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Meet the restaurateur who fed thousands in the pandemic

Amrit Maan owns a restaurant in London that helped make 100,000 meals as food aid

Amrit Maan (HT Media)
Amrit Maan (HT Media)

As the second wave of COVID continues to cause menace in several parts of the world a fourth-generation Indian restaurateur recently spoke about how he kept his Covent Garden premises open through the Covid pandemic to help feed thousands of needy Londoners.

Instead of welcoming tourists, office workers and regulars to the 75-year-old Punjab Covent Garden restaurant, the team started cooking meals and delivering to thousands needy as well as provided supplies to food banks throughout London, local media reported.

The restaurant's owner, Amrit Maan said, "I made a conscious decision not to close. For us Covent Garden is a village, it's a community. I just refuse to have the kitchens closed. It doesn't make sense. It gives you hope."

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When the lockdown started, Maan said he soon decided to use his kitchens for helping the communities in need. The restaurant which specializes in North Indian cuisine was founded by his great-grandfather Gurbachan Singh Maan and celebrated its 75th birthday this year.

Talking about people who joined the cause as volunteers, Maan said, "There are people out there who are compassionate and courageous. I am dumbstruck by the incredible humanity and care of the volunteers."

He added, "You could sit at home and just shut the curtains and watch TV but I knew I was sitting on a blessed asset our kitchens are industrial kitchens. We have been helping the homeless for three or four years."

He even moved out of his family home to stay at the restaurant to keep his elderly parents safe during the first lockdown. Seven of the 40 staff stayed at the premises to help with the food aid. The team started making wraps for volunteers working with the charity Under One Sky to give to homeless people in London.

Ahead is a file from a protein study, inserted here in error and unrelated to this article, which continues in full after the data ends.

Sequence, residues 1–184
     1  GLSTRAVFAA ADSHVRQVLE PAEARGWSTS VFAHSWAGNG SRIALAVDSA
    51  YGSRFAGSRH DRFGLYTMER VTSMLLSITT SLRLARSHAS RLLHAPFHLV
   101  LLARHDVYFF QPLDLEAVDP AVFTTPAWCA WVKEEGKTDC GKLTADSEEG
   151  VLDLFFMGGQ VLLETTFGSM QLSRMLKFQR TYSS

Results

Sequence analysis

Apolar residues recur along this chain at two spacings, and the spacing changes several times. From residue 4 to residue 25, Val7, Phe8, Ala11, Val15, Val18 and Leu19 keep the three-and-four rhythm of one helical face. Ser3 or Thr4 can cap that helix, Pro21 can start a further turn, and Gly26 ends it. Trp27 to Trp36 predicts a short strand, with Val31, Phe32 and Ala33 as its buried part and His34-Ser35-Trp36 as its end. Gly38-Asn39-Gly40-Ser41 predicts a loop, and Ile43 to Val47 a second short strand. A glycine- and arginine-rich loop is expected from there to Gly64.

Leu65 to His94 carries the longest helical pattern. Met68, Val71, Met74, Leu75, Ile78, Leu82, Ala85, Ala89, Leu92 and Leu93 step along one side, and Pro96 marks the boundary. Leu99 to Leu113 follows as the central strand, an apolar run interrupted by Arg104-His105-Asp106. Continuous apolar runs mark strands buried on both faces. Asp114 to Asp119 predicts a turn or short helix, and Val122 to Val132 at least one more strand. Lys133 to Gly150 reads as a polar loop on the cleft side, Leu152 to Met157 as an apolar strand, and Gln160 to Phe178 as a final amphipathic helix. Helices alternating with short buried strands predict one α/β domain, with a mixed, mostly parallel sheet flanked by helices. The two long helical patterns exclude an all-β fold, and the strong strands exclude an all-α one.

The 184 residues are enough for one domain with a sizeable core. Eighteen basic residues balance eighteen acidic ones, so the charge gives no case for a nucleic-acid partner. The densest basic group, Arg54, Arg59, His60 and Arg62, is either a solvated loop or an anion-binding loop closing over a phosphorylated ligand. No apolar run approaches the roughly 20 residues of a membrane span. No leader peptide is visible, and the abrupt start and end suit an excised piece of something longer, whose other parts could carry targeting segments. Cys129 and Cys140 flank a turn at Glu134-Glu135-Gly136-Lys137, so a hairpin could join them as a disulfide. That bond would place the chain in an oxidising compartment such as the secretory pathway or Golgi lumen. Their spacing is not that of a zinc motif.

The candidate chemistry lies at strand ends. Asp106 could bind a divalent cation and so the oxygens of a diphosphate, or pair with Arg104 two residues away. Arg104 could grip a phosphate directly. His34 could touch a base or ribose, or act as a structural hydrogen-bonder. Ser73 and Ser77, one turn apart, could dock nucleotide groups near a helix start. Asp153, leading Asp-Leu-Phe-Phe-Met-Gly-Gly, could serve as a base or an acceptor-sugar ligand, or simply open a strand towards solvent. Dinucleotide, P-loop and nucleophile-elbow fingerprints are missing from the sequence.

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Talking about it Maan said "We were really blessed with the volunteers, they are an army of angels. With lockdown, there was nobody about and so some people were very hungry."

Some of those people hadn't eaten for days. They helped make 100,000 meals, while Mr Maan started helping food banks and they've done about 50,000 meals for them. His team delivered urgent supplies to the food banks using their links with suppliers. Maan joined forces with other volunteers feeding the homeless and other needy communities.

He said, "It can happen to anyone. When you talk to people they have such life stories, trauma, abuse, poverty, domestic abuse."

Maan continued, "People may be homeless but they are not hopeless. We are there for them. Sometimes when I went out on the walks I asked people what they fancied and they asked for a cup of tea. It made people's day. It's not just the tea, it's not just the food, it's the human relationship."

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His team supplied food to many other voluntary groups helping to feed the homeless and those who've lost jobs or struggled during the last year. The team clocked up more than 100,000 hot meals that have been provided to homeless organisations such as Nishkam SWAT, Gur Seva, Under One Sky and our local church St Martin-in-the-Fields in Trafalgar Square.

He's also joined volunteers who have come together as Under One Sky to help give out nutritious food to rough sleepers in the centre of London. Right now, the kitchen is buzzing as staff cook up meals for a campaign to help feed people.

During the second lockdown, more appeals for hot meals came in from food banks and groups supporting the needy across London. So he launched a fundraising appeal to help feed more people to meet the growing need. Despite the pandemic, the business has never shut its kitchens in its entire history.

This entire team effort was made possible through the goodwill staff, reserves and the ability to purchase in bulk, but also from donations of food from businesses that had to close and partnering charities. (ANI)

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